And finally, patience and perseverance. I didn’t get into this enough in my book so I’m happy to have the opportunity here. Developing a career can take time and everyone’s path is different. It can be really frustrating, but if you stick with it, you’re ahead of anyone else who doesn’t. I know one artist who applied for the Guggenheim Fellowship every year for something like five years with no luck and then finally it happened. He was selected to be a Guggenheim Fellow. Thank goodness he didn’t give up!
As a curator and someone who coaches artists, what are good ways to network in the art world and beyond?
There really is no substitute for getting out, supporting your community and meeting people in person. If an artist is able to attend openings, open studios and arts events, I always recommend it. If you show up for people, they’ll show up for you. And you never know what could happen or whom you might meet.
Social media can be a great tool if used properly. People may enjoy seeing your art. But if you also share information, make recommendations and share other people’s work and news, you bring value to your community and become someone people want to be connected with.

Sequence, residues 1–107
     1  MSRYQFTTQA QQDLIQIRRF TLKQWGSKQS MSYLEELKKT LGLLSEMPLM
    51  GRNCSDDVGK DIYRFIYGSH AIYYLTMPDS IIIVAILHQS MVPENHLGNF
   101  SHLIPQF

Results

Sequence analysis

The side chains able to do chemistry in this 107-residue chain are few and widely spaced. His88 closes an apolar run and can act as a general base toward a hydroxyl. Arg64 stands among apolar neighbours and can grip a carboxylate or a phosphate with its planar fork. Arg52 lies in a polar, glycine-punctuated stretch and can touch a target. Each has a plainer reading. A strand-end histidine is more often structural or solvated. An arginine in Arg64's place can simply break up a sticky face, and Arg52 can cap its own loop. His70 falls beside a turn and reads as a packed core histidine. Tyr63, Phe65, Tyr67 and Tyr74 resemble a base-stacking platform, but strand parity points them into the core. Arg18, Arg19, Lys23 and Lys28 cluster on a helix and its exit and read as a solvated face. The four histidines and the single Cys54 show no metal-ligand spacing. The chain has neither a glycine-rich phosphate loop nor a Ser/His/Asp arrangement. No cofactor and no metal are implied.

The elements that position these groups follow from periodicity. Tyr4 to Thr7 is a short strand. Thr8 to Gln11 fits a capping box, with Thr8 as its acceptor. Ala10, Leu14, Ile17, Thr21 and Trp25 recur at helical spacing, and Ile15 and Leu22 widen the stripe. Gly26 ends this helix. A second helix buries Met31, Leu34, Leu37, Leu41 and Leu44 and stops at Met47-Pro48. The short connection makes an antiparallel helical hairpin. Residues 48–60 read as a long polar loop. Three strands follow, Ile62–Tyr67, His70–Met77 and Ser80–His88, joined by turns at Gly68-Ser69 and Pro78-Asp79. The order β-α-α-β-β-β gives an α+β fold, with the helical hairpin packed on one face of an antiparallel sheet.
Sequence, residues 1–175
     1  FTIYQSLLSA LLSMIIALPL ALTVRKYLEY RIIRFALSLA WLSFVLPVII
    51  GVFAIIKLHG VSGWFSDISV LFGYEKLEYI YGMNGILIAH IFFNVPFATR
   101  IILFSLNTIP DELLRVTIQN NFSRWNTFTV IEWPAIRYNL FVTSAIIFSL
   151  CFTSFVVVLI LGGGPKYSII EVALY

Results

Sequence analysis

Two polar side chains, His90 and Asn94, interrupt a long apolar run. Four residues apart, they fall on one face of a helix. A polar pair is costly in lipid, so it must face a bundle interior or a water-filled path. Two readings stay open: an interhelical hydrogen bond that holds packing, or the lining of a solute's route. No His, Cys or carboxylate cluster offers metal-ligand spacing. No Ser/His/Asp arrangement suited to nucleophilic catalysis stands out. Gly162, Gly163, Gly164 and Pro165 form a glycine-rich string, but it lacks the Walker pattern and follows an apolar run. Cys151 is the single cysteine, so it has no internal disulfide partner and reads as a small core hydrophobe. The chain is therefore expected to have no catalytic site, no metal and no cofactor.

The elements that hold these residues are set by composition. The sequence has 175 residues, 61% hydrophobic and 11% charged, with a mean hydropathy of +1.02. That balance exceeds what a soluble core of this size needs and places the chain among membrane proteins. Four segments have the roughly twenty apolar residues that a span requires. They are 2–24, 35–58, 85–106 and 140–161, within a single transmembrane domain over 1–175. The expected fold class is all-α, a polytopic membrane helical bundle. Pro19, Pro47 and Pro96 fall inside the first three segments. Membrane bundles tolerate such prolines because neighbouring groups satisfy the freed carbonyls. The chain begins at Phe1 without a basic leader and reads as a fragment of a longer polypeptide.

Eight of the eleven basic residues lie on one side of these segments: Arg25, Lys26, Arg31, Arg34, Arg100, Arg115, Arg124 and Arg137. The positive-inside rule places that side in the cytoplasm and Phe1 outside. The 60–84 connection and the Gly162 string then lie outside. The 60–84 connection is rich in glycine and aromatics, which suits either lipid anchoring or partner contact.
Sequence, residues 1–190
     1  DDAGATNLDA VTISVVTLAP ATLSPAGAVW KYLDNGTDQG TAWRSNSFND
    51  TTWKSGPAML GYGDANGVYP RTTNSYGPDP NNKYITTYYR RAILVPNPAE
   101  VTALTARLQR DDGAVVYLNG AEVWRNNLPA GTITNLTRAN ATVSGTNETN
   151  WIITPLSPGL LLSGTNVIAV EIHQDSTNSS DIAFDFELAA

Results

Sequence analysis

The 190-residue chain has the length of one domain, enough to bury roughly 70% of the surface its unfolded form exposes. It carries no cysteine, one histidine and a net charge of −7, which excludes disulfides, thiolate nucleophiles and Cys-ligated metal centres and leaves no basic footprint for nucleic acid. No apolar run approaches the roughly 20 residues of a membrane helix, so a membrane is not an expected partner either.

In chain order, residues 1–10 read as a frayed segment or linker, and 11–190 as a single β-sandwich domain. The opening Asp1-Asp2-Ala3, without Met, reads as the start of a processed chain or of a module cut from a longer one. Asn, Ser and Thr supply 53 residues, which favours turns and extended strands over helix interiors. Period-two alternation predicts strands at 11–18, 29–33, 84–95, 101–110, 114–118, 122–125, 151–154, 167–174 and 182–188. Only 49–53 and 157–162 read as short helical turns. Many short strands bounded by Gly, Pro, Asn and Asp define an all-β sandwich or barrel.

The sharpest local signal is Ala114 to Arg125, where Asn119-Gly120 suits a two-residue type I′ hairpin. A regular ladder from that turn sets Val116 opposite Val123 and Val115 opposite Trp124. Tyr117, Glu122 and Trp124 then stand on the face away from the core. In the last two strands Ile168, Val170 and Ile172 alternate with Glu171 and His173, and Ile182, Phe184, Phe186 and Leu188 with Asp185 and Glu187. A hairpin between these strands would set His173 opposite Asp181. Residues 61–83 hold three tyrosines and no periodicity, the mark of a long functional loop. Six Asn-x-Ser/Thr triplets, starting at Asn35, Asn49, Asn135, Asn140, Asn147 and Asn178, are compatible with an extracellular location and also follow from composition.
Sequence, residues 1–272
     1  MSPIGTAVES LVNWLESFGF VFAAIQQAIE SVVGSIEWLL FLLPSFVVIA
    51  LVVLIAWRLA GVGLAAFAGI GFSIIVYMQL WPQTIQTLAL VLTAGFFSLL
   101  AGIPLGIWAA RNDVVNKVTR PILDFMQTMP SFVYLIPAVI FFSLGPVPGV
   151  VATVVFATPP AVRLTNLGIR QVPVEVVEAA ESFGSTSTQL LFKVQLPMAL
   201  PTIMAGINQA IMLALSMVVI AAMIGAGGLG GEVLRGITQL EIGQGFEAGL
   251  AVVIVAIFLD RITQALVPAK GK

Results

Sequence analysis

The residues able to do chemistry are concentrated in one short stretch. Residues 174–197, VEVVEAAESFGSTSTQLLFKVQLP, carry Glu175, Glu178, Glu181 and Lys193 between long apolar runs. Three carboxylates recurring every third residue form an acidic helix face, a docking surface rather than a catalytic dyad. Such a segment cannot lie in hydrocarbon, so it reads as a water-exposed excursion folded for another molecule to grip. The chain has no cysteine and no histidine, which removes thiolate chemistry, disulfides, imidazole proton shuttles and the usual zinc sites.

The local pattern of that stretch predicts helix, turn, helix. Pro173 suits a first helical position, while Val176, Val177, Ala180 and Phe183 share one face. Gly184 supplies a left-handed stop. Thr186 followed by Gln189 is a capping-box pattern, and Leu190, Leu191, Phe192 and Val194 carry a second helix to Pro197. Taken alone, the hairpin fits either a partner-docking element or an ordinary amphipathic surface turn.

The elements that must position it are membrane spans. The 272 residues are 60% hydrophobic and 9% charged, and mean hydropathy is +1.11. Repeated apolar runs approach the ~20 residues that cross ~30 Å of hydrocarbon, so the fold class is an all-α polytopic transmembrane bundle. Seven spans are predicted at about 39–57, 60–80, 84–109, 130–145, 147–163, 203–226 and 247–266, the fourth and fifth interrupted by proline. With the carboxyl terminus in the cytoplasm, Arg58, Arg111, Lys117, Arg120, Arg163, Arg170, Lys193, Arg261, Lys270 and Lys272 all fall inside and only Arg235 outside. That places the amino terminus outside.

Where is one of your favorite places to go to be inspired?
Professionally, I find being around other art lovers, like on a really busy night where there are lots of openings and people milling around, incredibly inspiring. Creatively and personally any quiet space works. If I had my choice it would be a gorgeous beach or balcony with a great view. But on the couch with the phone turned off and the cats by my side works, too.
What are you working on right now?
I’ve expanded my Practical Advice for Artists website to include online courses which I’m incredibly excited about. I love the idea of making straightforward, encouraging information available to artists everywhere. I’m also teaching a one-day workshop at Art Center College of Design in July 2017. It’s part of their extension program, so it’s open to anyone. And the next Sloan Fine Art exhibition is a four-person show in collaboration with Phylogeny Contemporary in Seattle in early 2018.